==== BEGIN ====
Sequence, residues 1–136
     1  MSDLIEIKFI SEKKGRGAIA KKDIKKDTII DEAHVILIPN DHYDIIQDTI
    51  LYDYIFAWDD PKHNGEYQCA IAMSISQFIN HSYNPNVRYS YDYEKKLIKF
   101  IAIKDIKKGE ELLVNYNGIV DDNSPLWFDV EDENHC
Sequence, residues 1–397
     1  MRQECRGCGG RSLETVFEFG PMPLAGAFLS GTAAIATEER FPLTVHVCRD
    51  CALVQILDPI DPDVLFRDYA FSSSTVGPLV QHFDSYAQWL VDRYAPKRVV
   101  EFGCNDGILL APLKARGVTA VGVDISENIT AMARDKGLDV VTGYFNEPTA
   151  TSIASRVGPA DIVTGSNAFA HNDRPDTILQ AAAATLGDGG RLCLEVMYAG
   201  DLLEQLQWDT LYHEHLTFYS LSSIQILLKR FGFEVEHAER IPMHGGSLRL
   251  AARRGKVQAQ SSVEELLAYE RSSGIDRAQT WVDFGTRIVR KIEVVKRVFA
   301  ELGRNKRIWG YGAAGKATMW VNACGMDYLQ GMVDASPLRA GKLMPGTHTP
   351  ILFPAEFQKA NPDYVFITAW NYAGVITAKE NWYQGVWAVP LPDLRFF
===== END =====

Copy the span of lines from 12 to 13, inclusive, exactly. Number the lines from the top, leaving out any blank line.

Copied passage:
   301  ELGRNKRIWG YGAAGKATMW VNACGMDYLQ GMVDASPLRA GKLMPGTHTP
   351  ILFPAEFQKA NPDYVFITAW NYAGVITAKE NWYQGVWAVP LPDLRFF